Starting a new Open Source Project

John Cowan jcowan at
Mon Nov 4 23:21:18 UTC 2002

David Johnson scripsit:

> 1) Each author retains copyright for their non-trivial contribution. Since we 
> will probably use the BSD license, this does not create a huge problem. But 
> would the package as-a-whole need a distinct copyright holder? Would a 
> generic "Ogham Development Team" suffice, or is something much more formal 
> needed?

If the package-as-a-whole is made up of separately copyrighted modules,
then it could only get a thin "compilation copyright" controlling selection
(and ordering, irrelevant for software).  So with this copyright you could
prevent people from putting *exactly the same* set of modules together.
This is kinda pointless.  Don't worry about it.

> 2) Once person is copyright holder, and everyone else needs to assign 
> contributions to him or her. This is what GNU does. One problem with this is 
> deciding who gets to be the copyright holder. Another problem is the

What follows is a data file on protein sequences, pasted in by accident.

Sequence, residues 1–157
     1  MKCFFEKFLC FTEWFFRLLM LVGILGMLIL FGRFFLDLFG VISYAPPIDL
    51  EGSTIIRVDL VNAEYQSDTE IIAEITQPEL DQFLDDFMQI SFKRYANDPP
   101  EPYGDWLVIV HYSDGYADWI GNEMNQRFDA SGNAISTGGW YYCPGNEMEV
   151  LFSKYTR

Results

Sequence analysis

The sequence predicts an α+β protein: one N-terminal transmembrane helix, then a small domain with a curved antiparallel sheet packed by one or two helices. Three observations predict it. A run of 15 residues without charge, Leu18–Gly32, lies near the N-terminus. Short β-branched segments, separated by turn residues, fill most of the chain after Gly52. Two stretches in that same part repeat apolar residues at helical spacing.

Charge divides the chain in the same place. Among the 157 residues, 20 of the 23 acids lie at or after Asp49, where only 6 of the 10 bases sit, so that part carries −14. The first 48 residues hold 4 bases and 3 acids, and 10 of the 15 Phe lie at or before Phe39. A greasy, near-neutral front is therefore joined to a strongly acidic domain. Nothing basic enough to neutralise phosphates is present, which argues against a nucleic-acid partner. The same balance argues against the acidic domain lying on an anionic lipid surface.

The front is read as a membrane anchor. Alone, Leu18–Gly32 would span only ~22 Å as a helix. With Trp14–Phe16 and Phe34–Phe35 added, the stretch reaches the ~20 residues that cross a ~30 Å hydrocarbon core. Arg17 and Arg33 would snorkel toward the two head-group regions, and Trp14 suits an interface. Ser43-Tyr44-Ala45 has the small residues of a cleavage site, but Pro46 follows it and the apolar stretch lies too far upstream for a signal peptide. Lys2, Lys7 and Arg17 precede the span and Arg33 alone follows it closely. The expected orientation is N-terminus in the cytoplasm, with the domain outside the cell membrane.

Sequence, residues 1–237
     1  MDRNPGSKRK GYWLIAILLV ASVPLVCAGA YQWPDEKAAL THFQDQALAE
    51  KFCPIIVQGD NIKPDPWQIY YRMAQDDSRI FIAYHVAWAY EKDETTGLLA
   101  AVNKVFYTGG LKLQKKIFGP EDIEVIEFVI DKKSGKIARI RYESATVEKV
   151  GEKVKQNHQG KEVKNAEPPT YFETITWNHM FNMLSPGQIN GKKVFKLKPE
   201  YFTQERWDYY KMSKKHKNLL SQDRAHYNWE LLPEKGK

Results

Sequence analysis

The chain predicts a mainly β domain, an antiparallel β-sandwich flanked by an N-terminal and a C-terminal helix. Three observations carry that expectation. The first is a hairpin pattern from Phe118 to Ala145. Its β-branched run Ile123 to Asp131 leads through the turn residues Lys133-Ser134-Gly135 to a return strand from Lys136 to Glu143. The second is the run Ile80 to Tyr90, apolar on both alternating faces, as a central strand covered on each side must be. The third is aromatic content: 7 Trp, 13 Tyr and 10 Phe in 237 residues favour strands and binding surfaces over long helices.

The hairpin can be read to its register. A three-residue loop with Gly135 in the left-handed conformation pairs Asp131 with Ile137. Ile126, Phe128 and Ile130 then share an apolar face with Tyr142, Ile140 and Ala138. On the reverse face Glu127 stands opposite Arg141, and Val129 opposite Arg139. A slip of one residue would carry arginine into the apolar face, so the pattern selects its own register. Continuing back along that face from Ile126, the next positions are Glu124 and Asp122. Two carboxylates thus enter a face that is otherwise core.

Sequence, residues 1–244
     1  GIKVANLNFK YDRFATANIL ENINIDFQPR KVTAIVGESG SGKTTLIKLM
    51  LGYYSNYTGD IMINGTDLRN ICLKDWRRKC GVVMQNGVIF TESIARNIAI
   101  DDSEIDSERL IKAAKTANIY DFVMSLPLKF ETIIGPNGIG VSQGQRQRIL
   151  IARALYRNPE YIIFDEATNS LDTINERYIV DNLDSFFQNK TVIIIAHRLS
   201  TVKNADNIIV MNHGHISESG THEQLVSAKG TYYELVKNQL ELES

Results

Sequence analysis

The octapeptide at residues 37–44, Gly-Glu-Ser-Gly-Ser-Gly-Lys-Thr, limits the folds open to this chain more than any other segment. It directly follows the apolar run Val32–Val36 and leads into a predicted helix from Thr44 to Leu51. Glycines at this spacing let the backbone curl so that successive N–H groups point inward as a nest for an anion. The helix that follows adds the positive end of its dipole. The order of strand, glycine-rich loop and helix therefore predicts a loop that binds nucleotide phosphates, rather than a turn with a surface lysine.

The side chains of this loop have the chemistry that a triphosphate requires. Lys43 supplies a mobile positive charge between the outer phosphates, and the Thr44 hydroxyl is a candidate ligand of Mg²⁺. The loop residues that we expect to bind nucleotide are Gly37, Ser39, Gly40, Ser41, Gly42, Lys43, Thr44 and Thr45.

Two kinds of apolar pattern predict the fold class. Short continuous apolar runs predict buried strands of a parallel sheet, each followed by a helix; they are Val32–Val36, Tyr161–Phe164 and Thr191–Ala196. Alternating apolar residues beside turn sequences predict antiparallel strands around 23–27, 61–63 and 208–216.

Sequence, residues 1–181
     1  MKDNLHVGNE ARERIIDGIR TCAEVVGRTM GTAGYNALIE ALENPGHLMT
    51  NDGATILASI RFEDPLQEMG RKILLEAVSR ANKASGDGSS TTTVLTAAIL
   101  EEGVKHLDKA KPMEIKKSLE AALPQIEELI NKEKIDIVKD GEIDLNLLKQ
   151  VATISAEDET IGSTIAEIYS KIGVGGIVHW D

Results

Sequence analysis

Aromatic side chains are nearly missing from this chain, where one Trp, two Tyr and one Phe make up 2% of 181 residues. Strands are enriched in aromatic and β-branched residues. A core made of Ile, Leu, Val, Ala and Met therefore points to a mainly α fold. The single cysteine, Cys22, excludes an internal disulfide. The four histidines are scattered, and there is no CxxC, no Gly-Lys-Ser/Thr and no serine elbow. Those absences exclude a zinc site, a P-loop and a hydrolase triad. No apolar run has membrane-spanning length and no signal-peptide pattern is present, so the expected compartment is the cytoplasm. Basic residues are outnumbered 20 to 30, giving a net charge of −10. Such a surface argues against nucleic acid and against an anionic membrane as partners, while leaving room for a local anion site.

> administrative hassle of assigning the copyrights over. We want to make 
> contributing as painless as possible.

Any document in writing saying "I assign all my copyright interest in <project>
to <recipient>" is probably sufficient, assuming you are not going to sue
one another.   IANAL, TINLA.

> 3) Create an umbrella group to hold the copyright. Does this need to be a 
> formal foundation or non-profit? Do contributions still need their copyrights 
> assigned over, or could the group act as the "compiler" of the compilation?

I think it pretty much needs to be a corporation (legal person).  Probably
not worth doing for just one small project.  When you have lots of projects
like FSF or Apache, then it's worthwhile.

> I've done a quick survey of some OSS projects, and their all either seem to 
> the second since they were initially started by a single individual, or the 
> third since they grew considerably in size.

Linux is the best-known example of the first case: the parts are under varying
copyright ownership and with varying (though all GPL-compatible) licenses.

What is the sound of Perl?  Is it not the       John Cowan
sound of a [Ww]all that people have stopped     jcowan at
banging their head against?  --Larry  
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